The El Paso Independent School District Board of Trustees on Tuesday night will vote on the renaming of the Bowie High School gymnasium after Hall of Fame Basketball Coach Nolan Richardson.

Bowie community members asked the District to honor Richardson, a 1960s graduate of the South Side school. The District already named a Northeast middle school in honor of Richardson.

Richardson played basketball for the Bowie Bears and then for the UTEP Miners under legendary Coach Don Haskins. His coaching career also began at Bowie before making stops at UTEP, the University of Tulsa and the University of Arkansas, where he won the NCAA National Championship in 1994.

He also won the National Invitational Tournament in 1981 and the National Junior College Athletic Association title in 1980. He has coached two national basketball teams (Panama and Mexico), was the 1994 national Coach of the Year.

In 2014 he was inducted in the Naismith Basketball Hall of Fame and in 2008 into the College Basketball Hall of Fame.

The EPISD Board of Trustees meeting starts Education Service Center, 6531 Boeing Dr.

To view our previous story on Nolan Richardson, click HERE.

Bowie High’s ‘Memory Lane Committee’ honors Richardson, several other notable graduates

It was the moment when the basketball team went undefeated and became part of local history; It was that moment when a child of the Segundo Barrio sprinted toward the finish line at state; It was the moment when the football team’s win streak became a story to tell for generations to come.

These were the moments when an ordinary day, became a glorious one.

On Saturday, October 24th, former athletes of Bowie High School reminisced about their glory days on the track, on the football field and on the basketball courts during the first-ever Memory Lane Committee’s Bowie Bear Day event.  About 350 people, including alumni, former athletes and their families, attended the event at the small gym at Bowie High School.

Hall of Famer and former Bowie Bear and Bowie basketball and football coach Nolan Richardson shares a moment with one of the school's alumn. Richardson was honored by the Memory Lane Committee at Bowie High School for his role at the high school as an All State Football and Basketball athlete and for his tremendous coaching of the 1974 and 1975 basketball teams.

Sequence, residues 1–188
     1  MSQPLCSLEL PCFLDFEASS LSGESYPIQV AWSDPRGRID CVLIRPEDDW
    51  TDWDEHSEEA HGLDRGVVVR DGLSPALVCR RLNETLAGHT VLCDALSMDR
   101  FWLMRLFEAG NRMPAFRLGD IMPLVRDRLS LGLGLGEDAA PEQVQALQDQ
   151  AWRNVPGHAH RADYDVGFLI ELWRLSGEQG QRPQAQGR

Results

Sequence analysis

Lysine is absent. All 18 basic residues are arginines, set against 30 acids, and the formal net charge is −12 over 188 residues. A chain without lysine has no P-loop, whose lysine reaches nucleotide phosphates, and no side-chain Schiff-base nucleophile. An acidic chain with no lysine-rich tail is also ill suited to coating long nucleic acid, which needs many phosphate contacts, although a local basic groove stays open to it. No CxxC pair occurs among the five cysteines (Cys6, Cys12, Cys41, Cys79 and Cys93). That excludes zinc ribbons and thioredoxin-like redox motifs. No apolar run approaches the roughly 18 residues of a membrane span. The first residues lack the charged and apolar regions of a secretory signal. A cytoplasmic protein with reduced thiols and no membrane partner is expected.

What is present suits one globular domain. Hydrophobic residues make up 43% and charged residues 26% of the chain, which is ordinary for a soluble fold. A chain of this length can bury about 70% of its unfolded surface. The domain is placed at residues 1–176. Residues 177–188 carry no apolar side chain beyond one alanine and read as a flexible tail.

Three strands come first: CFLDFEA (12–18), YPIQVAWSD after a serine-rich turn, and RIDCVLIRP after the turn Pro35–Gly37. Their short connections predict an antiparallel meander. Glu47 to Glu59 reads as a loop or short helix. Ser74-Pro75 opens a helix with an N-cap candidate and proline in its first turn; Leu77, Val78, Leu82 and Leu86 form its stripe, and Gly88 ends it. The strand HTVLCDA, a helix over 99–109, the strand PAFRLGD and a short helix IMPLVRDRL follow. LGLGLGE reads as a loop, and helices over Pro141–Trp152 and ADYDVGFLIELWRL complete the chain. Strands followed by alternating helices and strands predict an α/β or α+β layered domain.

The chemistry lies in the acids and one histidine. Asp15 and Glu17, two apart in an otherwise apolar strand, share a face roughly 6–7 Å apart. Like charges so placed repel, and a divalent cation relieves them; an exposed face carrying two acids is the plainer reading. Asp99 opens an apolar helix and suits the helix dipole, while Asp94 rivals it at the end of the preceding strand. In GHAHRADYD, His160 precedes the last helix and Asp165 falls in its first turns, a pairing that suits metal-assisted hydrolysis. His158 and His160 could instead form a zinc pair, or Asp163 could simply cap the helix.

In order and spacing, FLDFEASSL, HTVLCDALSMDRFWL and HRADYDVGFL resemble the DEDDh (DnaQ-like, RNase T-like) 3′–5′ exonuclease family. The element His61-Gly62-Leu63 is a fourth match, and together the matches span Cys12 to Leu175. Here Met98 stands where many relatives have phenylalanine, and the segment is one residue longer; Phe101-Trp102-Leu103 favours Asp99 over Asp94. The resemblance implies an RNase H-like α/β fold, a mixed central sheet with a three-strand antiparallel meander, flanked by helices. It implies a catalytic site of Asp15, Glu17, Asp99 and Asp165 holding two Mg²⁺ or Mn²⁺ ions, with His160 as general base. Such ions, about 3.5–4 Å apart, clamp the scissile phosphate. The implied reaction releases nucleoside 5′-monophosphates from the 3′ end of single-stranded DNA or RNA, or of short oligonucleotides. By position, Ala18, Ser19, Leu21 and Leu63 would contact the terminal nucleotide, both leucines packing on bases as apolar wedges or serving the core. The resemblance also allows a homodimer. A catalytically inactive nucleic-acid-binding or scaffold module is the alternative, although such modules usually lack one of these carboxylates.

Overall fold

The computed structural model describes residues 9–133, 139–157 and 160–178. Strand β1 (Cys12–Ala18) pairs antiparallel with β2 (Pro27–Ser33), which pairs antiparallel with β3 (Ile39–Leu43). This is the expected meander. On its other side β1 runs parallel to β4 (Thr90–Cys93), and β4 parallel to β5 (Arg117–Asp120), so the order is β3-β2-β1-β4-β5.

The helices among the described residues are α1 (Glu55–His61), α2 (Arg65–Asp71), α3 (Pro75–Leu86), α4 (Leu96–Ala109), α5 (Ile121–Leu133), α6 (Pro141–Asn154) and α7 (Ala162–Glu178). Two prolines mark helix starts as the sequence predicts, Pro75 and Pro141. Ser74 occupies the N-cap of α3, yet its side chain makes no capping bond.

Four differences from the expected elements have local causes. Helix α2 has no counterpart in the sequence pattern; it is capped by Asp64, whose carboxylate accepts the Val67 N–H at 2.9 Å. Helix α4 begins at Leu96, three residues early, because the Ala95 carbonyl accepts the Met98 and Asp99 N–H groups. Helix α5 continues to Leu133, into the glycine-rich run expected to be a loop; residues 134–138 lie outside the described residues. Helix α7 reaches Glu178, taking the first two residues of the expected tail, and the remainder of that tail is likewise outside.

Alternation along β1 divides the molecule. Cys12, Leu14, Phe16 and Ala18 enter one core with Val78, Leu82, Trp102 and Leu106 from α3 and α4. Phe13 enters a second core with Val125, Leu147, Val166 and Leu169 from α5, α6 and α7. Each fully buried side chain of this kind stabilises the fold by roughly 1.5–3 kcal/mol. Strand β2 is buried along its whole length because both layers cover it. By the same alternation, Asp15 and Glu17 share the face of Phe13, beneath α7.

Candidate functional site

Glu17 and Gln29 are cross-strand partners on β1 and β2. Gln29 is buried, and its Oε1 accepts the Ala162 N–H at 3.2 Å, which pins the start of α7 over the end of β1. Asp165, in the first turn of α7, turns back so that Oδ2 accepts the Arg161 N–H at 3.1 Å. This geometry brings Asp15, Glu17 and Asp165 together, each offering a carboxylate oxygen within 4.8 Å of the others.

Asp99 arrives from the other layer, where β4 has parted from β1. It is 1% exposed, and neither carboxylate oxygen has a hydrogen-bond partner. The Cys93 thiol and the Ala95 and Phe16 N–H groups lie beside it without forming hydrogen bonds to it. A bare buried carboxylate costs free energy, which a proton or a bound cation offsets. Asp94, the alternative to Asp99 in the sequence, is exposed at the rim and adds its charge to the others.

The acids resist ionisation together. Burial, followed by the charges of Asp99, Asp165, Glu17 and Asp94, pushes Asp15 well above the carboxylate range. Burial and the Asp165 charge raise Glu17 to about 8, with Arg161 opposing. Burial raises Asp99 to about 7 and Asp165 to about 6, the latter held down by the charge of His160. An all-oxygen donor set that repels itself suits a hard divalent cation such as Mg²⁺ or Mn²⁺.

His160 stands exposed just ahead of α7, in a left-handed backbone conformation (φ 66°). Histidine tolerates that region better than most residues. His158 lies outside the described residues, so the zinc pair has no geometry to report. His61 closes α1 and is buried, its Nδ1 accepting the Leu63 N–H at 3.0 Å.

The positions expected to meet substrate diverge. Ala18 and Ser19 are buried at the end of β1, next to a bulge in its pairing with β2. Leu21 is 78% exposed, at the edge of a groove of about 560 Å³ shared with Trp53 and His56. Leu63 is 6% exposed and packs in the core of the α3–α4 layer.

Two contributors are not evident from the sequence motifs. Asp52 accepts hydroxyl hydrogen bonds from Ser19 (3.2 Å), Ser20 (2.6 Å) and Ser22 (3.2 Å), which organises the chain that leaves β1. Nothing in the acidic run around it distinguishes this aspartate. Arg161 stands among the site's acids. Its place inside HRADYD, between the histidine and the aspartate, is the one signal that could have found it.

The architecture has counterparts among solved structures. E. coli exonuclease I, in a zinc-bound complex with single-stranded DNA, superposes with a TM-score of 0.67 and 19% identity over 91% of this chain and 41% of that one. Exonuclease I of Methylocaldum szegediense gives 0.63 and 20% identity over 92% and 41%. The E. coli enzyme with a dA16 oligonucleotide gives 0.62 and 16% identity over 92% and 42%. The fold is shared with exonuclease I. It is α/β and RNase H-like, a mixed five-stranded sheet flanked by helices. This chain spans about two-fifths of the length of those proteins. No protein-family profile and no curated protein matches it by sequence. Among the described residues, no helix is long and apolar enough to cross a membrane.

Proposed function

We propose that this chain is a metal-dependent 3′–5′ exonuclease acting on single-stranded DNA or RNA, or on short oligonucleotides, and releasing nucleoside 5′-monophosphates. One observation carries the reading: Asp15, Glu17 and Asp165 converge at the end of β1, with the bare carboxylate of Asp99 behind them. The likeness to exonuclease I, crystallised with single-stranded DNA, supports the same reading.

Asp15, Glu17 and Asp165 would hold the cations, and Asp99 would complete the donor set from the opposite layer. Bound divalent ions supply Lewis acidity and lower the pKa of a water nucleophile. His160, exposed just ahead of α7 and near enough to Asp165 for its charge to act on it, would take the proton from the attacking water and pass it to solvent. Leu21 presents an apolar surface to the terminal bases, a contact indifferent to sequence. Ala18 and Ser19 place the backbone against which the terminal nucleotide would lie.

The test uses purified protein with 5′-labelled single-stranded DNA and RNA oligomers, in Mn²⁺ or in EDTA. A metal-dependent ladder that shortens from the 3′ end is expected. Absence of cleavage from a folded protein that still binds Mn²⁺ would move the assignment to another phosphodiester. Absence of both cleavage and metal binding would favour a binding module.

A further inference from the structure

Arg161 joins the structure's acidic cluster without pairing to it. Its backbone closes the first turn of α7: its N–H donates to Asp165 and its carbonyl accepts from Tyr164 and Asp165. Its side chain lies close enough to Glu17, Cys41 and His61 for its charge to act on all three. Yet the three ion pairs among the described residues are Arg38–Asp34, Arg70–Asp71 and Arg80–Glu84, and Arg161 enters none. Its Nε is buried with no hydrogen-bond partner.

Hall of Famer and former Bowie Bear and Bowie basketball coach Nolan Richardson shares a moment with one of the school’s alumn.

Among the many athletes that were honored was distinguished Hall of Famer and Coach Nolan Richardson and former track athlete Alberto Estrada, who had waited more than 60 years to receive recognition for his accomplishments in track and field.

According to Bowie Bear Juan De Santiago, who founded the Memory Lane Committee, the newly formed committee of Bowie High School alumni is dedicated to honoring former students who may not have gained the recognition they deserved.

Through networking and several phone calls members were able to track down former athletes who did not receive their District or State awards honors.

Athletes were honored with rings, medallions or a presentation of a plaque.

Richardson, De Santiago’s basketball coach, was honored for being named a 1958 All State Football and basketball player and for coaching

Nolan Richardson demonstrates a blocking technique for basketball that he had tried to teach his team. Using Memory Lane Committee member George Acosta, Richardson shows how the technique prevents an opponent from taking away the basketball.
Nolan Richardson demonstrates a blocking technique for basketball that he had tried to teach his team. Using Memory Lane Committee member George Acosta, Richardson shows how the technique prevents an opponent from taking away the basketball.

the 1974-1975 basketball teams that were the undefeated champions under his leadership. Even with his many accolades, Richardson said that coming home every year to Bowie High School was always a great honor.

This year – was especially a privilege he said.

“Three days ago, I was in the hospital not thinking I’d make it,” Richardson said. “But the good Man upstairs has been so good to me and blessed me in so many ways…they thought I had pneumonia.” He said.

A couple days after being admitted into the hospital Richardson was released.

“They were able to release me so I could come and see my family,” he said looking out at the crowd of 350, a good number of them Bowie Bears. Richardson is widely known as the only coach to win a junior college, National Invitation Tournament and NCAA championship for Texas Western College in 1980, the University of Tulsa in 1981, and the University of Arkansas in 1994, respectively.

In Arkansas he was recognized for being the first African American coach at a major university in the south, according to the Texas Hall of Fame, where Richardson was inducted in April 2015 – after being inducted into the College Basketball Hall of Fame in 2008; and the Naismith Memorial Basketball Hall of Fame in 2014.

But on Saturday, Richardson, surrounded by his former athletes and their families, only had a handful of memories in mind – the successes and laughs he shared on the court with his former students.

“Melvin (Patridge) and I were talking a few minutes ago – and he missed a shot that could’ve won us the game,” Richardson said. “We could have been at the state championship game had he made the shot. He said, ‘I dream of it every night.’ And I said, hell I dream of it twice a night.”

Patridge later clarified that the shot had gone in, but the ball had spun inside the rim before coming out.